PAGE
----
Date of Award

Spring 2015

Document Type


Degree Name

Doctor of Philosophy (PhD)


STEM Education & Professional Studies


Instructional Design & Technology

Committee Director

Ginger Watson

Committee Member

Gary R. Morrison

Committee Member

Xiaoxiao Hu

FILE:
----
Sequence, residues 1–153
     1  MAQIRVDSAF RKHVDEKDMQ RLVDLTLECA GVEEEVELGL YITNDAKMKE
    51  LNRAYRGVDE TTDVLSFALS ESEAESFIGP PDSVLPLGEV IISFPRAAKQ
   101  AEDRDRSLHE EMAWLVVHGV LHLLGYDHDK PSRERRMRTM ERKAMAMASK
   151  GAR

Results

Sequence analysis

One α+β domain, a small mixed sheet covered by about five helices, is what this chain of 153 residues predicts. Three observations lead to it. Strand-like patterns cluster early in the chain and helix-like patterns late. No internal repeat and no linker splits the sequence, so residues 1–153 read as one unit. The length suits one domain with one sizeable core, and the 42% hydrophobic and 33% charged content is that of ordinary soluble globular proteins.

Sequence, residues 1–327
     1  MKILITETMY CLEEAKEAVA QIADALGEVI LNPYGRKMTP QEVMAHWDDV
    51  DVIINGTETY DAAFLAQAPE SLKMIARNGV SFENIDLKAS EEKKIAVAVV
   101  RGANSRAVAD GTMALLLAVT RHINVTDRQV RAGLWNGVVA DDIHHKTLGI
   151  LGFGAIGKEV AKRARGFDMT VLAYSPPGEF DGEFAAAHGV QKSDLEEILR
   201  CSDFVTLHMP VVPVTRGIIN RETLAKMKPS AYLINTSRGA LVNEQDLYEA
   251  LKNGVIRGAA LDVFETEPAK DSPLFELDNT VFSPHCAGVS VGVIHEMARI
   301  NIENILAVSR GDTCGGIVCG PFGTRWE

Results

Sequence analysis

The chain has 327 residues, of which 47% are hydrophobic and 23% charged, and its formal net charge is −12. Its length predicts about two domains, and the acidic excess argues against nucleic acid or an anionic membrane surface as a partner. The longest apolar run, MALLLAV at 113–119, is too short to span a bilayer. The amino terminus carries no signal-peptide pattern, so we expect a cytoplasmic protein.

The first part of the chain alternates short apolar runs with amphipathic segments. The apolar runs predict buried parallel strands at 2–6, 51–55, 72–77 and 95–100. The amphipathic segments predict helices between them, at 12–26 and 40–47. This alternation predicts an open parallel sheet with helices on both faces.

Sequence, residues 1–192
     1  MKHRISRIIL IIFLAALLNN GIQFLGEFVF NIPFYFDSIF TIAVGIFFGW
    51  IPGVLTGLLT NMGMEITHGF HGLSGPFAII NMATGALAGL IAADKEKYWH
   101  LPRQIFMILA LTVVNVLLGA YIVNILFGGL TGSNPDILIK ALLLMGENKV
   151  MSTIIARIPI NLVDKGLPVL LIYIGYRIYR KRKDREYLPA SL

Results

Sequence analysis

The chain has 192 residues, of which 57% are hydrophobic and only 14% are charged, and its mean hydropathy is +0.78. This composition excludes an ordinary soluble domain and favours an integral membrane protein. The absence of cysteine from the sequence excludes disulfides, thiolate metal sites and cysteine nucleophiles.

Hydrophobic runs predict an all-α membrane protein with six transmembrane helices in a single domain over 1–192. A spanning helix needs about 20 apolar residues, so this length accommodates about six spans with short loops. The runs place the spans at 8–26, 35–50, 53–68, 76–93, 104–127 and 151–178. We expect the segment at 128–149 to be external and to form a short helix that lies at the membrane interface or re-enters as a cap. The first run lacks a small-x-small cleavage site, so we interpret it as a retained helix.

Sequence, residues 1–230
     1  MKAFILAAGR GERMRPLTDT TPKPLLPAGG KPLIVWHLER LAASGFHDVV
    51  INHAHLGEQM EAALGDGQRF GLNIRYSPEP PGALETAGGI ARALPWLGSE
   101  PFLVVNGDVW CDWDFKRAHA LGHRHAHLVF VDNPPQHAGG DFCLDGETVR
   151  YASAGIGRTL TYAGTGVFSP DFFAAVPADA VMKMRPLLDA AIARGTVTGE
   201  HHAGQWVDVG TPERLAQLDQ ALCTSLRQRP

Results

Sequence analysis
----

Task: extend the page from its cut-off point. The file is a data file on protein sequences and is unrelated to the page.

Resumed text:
Three experiments were conducted investigating the motivational effects of attractive visual aesthetic on focused attention, future use intentions, and discretionary use of a desktop instructional simulation. Participants included 90 ship-handling students from a Merchant Marine academy in the northeastern United States; 91% of the participants were male, and 9% were female, the mean age for participants was 20.97 years. Employing a pc-based desktop ship-handling training simulation, a "preferred aesthetic" was identified using paired comparisons with a relevant target audience. Two identical simulations were then developed, one incorporating the preferred visual aesthetic and one incorporating a neutral visual aesthetic treatment. Both were identical in every other respect. Experiment 1 (Focused Attention) explored the effects of preferred aesthetic on focused attention: 30 participants viewed 12 screenshots from the two versions of the simulation and their visual response was measured using an eye tracker. Experiment 2 (User Preference) identified the elements of participant preference. The 30 participants from experiment 1 viewed 8 different visual designs for the same scene in the simulation, and completed an 18 item semantic differential evaluation for each screen treatment. Experiment 3 (Persistence and Use) investigated persistence related to simulation aesthetic and future use intent, 60 participants were randomly assigned to one of two groups: 30 participants used the preferred aesthetic version of the simulation and 30 participants used a neutral aesthetic version of the simulation. Discretionary use of the simulation and learner posttest performance was measured and analyzed. These participants also completed a questionnaire regarding their intentions to use the simulation in the future. Participants in the preferred aesthetic group were significantly more likely to express intent to load the simulation on their personal computer ( M=5.7, SD=1.24) than the neutral aesthetic group (M = 4.76 , SD = 1.69), t(58) = 2.436, pd = .64; and participants in the neutral aesthetic group were significantly more likely to express intention to not use the simulation again (M = 4.76, SD = 1.64) versus participants in the preferred aesthetic group (M=5.7, SD= 1.48), t(58)=2.09, pd =.55. Participants indicated a preference for moderately complex full color images in the semantic differential experiment supporting Berlyne's arousal theory. There were no significant differences between simulation aesthetic treatment groups for eye tracking, simulation discretionary use, or simulation posttest performance.